Big Island, Hawaii

Hawaii’s Big Island is the youngest, the most diverse and the grandest of all the Hawaiian islands.

Larger than all the other islands put together, it’s a land of amazing contrasts with lush rainforests, monolithic cliffs, spectacular ocean vistas, white, black and even green sand beaches, plunging waterfalls, deserts, plains and active volcanoes.

First discovered more than a millennium ago, the Big Island is where Polynesian mythology says Madame Pele, goddess of fire, dwells. She is said to live in the firepot of Halemaumau in Kilauea crater on the slopes of Mauna Loa, from where she actively pours new lava almost daily.

Hilo is the seat of government and near it are rainforests and black lava rocks hugging a serrated shoreline that is expanding thanks to Kilauea Volcano, the world’s most active volcano.

Volcanoes National Park is best accessed from Hilo. You can safely explore lava tubes and hiking trails around this amazing site. Nearby is Punaluu Beach Park with picturesque black sand beaches. North of Hilo the highway snakes between mountains and sea to Waipi`o Valley and Waimea through kilometres of fields where sugarcane once grew. Hidden amongst the mountains are a multitude of waterfalls including the impressive Akaka Falls.

A must is a visit to the Hawaii Tropical Botanical Garden where you can see more than 2000 species of tropical plants. Across the island, near Kawaihae, is Heiau, built by King Kamehameha, which is now an historical site.

In Waimea, the Parker Ranch’s historic homes house a magnificent collection of Italian and French period pieces and more than a hundred original paintings by masters such as Renoir and Degas. In this region you can learn about a different side of Hawaii that is also home to paniolos, or Hawaiian cowboys. Lapakahi State Historical Park, north of Kawaihae, was once an ancient Hawaiian fishing village. A short drive from the park is King Kamehameha’s birthplace and Mookini Luakini Heiau believed to have been constructed about 480 AD.

The Kohala Coast is home to magnificent resorts with breathtaking views of lava flows. Anaehoomalu Bay, with its picture postcard beach, curves between the shallow bay and an ancient Hawaiian fishpond once used by royalty. Once home to Hawaiian royalty, Kailua-Kona is now a vibrant resort and shopping precinct with a rich cultural heritage. It is also a great base from which to explore Kona coffee country and the unique Painted Church where columns form the trunks of painted palm trees.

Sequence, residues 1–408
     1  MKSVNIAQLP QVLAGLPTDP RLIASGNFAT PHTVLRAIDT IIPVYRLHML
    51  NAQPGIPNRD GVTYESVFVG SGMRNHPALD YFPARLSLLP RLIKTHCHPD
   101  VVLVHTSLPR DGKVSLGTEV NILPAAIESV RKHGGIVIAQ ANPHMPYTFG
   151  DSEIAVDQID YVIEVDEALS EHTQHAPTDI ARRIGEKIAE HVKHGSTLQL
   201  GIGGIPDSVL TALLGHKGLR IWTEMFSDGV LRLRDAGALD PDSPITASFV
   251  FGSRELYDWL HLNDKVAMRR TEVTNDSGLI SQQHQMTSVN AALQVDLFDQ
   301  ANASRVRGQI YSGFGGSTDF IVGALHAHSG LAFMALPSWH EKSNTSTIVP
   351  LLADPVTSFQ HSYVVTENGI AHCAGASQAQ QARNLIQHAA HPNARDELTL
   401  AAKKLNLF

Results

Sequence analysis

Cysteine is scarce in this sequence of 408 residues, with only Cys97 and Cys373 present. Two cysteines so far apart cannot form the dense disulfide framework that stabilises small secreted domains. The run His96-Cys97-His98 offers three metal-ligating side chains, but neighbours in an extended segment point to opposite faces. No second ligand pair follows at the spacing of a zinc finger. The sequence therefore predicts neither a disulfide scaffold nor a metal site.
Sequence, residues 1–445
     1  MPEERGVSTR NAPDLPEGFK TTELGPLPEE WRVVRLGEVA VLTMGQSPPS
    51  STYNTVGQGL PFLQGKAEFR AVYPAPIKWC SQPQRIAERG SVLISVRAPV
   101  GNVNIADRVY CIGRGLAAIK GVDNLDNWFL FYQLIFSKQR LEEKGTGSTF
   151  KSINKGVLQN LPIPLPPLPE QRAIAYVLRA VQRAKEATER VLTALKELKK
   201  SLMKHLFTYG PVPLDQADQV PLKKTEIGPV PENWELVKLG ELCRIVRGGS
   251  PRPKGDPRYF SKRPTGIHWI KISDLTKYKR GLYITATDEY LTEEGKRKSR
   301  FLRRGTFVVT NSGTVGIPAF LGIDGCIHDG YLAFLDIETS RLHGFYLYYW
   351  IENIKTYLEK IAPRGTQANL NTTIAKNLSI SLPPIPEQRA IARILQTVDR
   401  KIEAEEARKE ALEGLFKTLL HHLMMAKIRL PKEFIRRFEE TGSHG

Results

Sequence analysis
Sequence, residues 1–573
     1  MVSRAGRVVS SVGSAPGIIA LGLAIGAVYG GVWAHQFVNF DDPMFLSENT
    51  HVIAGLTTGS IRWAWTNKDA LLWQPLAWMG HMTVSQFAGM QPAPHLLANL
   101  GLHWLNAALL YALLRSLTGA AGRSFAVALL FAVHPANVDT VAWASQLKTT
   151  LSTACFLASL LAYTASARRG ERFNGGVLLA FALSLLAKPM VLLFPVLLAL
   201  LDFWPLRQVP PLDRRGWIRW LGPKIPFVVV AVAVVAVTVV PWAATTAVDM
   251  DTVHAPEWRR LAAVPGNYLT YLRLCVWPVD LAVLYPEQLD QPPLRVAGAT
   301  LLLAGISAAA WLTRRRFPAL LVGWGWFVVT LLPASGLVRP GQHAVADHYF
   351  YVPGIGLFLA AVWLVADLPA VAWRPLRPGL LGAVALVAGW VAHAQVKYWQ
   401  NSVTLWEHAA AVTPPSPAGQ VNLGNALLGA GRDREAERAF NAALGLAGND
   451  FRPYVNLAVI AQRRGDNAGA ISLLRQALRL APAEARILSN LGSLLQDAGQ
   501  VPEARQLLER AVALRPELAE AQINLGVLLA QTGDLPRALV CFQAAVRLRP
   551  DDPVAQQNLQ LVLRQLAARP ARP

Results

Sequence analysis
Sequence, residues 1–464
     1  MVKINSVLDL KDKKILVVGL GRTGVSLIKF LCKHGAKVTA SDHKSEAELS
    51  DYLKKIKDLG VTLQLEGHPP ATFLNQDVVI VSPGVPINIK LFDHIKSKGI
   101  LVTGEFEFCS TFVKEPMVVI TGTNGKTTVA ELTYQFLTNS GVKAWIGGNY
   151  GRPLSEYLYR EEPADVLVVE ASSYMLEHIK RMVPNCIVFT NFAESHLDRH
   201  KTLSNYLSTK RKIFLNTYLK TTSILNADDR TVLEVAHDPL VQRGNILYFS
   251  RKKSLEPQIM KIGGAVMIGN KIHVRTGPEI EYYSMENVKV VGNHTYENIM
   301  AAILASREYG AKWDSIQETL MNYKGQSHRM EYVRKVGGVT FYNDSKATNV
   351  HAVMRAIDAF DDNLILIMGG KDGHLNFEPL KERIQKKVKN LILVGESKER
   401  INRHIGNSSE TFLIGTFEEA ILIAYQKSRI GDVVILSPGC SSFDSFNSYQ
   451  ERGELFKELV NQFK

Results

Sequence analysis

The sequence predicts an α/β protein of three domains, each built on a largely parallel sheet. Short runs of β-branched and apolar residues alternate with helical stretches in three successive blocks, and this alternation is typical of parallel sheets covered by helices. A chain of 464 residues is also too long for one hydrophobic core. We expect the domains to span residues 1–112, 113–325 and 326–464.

The Big Island produces 39 percent of the world’s macadamia nuts and Kona is the only place in the US where gourmet coffee is grown commercially. It also has the world’s largest anthurium and orchid flower industries. There are 20 golf courses on the Big Island, many with green fairways carved from ancient lava fields. Activities include fishing for marlin, a helicopter or small plane ride over red flowing lava and diving at night with giant manta rays.

Getting around the Big Island is convenient and easy. The most popular mode of transport for international visitors is to hire a car and explore the island at leisure. There are also bus tours, shuttles and taxis.

There are plenty of options when it comes to accommodation on the Big Island. From charming bed and breakfasts to hotels, condominiums, lodges and five-star resorts, there’s something to suit every traveller and budget.

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Explore Big Island

The Hawaii Island, spanning 4,028 sq. miles, boasts of many natural wonders. Among them are the world’s highest sea mountain, Maunakea, the world’s biggest mountain, Maunaloa and one of the world’s volcanoes regarded as highly active, Kilauea.

Big Island’s Cuisine

Hawaii is famous for the Hawaii Regional Cuisine started by 12 of the best Hawaii chefs in 1991. It is a culinary exercise that blends the world’s cuisine with Hawaii’s varied, ethnic flavors. The hallmark of the Hawaii Regional Cuisine is the use of the most natural farm-bred ingredients. These include vegetables and fruits obtained through volcanic soil and cattle reared on the upland pastures. The region of Waimea features upcountry pasturelands where grass-fed lamb and beef are grown.

Activities in Big Island

Horseback riding, Kohala

Hawaii Island offers a range of activities for the discerning traveller. The town of Hilo features the Merrie Monarch Festival, the world’s major hula event, held from March to April. Hilo also house several galleries and museums featuring the works of local sculptors, painters and musicians.

Liliuokalani Gardens has many Japanese bridges for kids as well as adults to run over. You can walk along the Kohala Coast to see ancient petroglyphs etched into stone at various sites. Family friendly beaches and parks offer a number of outdoor activities including snorkeling and diving. Learn about paniolo or Hawaiian cowboys and visit Kahua Ranch in Waimea for a wagon ride.

You can go sightseeing and window-shopping in Kailua-Kona, the art and coffee town of beautiful Kailua-Kona. Visit the Hamakua Heritage Corridor for a road journey or roam the streets of Downtown Hilo. On the Kohala Coast, you can tee off at one of the many breathtaking golf courses.